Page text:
Just like all of us, Hannah is looking to survive the social distancing and lockdown. Only, there’s already a heap of distance between her and her partner BK, who lives in the USA.
In some respects this week was easier, in that everyone was now being told to do what I’ve been doing for a week or so. Those that thought I was being paranoid suddenly embraced social distancing, not going out, and digital interactions. Then staying in became UK law and life under lockdown began. This has led to a huge boost in video chatting, sharing of suggestions for passing time alone, and new social media content. Everybody’s lonely, and everybody’s looking for new ways to connect and be social.
Being in the same boat as everyone else only goes so far though. As I saw memes, articles and top tips being produced telling you how to survive isolation without wanting to kill your partner or kids, it only served to highlight my predicament.
Over in the USA, BK was getting a rough ride. Right in the middle of one of our FaceTime catchups, the house started shaking violently, as a magnitude 5.7 earthquake hit Salt Lake City. This is the strongest they’ve had in nearly 30 years, and as BK fled for the shelter of a doorway while things fell off walls and tables, it really felt like the end of the world was coming. With aftershocks continuing all day, we hung out for a fair amount of the day via FaceTime, just working with each other in the background. Almost like sharing an office, this felt pretty good.
Since then, however, there hasn’t been too much hanging out. BK has been busy trying to save the world, and I have been fretting about how you co-parent and home educate and work from home in a pandemic. As a result, we’ve not made deliberate space for ourselves away from COVID-19 related news and stresses. As I sat down to write this, I realised that was a mistake. We’d had lots of contact, but no down time. Whenever we’d been in touch, it had been about some sort of virus-related difficulty.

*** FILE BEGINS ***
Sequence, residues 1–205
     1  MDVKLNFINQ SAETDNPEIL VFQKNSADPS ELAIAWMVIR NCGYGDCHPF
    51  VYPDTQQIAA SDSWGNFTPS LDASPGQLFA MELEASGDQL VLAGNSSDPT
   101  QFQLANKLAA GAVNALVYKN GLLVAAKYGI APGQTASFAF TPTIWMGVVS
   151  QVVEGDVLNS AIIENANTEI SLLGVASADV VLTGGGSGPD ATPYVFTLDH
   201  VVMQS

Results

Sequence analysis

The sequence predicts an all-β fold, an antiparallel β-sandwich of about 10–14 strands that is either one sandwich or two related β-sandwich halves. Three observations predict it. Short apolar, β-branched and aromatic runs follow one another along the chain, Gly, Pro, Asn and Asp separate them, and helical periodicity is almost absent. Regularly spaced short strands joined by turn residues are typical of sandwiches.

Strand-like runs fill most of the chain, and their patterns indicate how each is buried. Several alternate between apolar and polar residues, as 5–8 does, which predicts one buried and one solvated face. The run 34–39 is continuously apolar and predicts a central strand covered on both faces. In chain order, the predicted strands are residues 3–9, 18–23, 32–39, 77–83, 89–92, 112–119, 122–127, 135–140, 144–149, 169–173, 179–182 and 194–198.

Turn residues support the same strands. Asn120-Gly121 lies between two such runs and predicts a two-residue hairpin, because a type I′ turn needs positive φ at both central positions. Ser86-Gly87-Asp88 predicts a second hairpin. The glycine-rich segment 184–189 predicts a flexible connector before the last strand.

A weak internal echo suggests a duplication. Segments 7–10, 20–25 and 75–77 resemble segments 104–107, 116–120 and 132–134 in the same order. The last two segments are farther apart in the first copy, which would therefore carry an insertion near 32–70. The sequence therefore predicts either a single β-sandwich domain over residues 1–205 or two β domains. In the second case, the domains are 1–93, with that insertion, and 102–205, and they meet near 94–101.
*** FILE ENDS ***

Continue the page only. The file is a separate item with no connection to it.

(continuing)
When everything face to face and physical is taken away, all you have is words. You can’t lay a hand on a shoulder to soothe, you can’t hold someone until you feel the tension go. You can’t squeeze a hand while you speak to reassure, or emphasise. You can’t sit in silence, leaning on a shoulder, just listening to each other’s breath. Try sitting on a video call and just staring at each other – it’s weird. All you have is words, and when there are already too many of them – screaming at you from headlines, Twitter feeds, emails and texts – more words just adds to the noise. The most gently crafted of sentences can be just another call on your attention. If you spiral into snapping back, disagreement, discord, how do you add more words into the mix that help you crawl back out of that hole? You can’t make someone a conciliatory cup of tea, cook their favourite meal, do something non-verbal to bring the mood round. All you have is words.
Martin Luther King (I’m not going to pretend I knew this, Google is my friend) apparently said ‘In the end, we will remember not the words of our enemies but the silence of our friends’. In this world of noise, removed from the physical and social interactions we’ve needed since we were picking fleas out of each other’s fur, we now need to find ways to be silent when all we have is words. BK and I have been figuring this out for ages now, suddenly the rest of the world is getting a taste of what it’s like.
Phew. Long intro. All that leads to the fact that this week’s distractions are not so much things I’ve shared with BK, as things I’ve seen and wished I could share. This week, we’re going to make the time and space for them.
I came across this via the ‘Ride On BMX’ Facebook group – a rider group for the over 30s. It’s a good subtly comic edit, very British, and makes the ’90s look like a very long time ago.
Via the same BMX source, I love this for the ‘getting it done’ factor. I’m not a huge flatland fan usually, but this guy mixes it up with park and street tricks in a way that I find much more entertaining to watch. There’s something very improbable about a big guy on a tiny bike displaying such agility that had me hooked. I say I don’t much like flatland, but since we’re confined to home, I can foresee a bit of a resurgence of bike dancing activities in 2020!
The Revolutionary Cyclist
Looking for some educational screen time for your kids? I found this ‘Great Big Story’ series, which covers a whole array of random and interesting things. Having watched this story of Annie Londonderry, one of my kids spotted this, which turned out to be pretty mind boggling – and if you’re looking for a new hobby to pass the time while in lockdown, it looks like a good bet, and will make sure you have plenty of calories on hand.
Rare Words and Dead Words
Not bikey at all, just coming full circle. Once upon a time I studied linguistics, and I write for a living, so it’s perhaps no surprise I like words. Playing to the differences in British and American English is also a constant source of amusement to us. It took me quiet a long while to realise that BK really didn’t understand about 20% of what I said in the beginning – he wasn’t just teasing me. Weirdly, there’s rarely a time when the Americanisms don’t translate, but British English – coupled with my accent – apparently makes for quite the impenetrable language. Pass the time alone, or turn these quizzes into a virtual pub quiz with your friends: rare words quiz and dead words quiz.
Thanks for joining me again this week. Until next time, use your words wisely, and if you’re lucky enough to have someone to hold, enjoy the silence.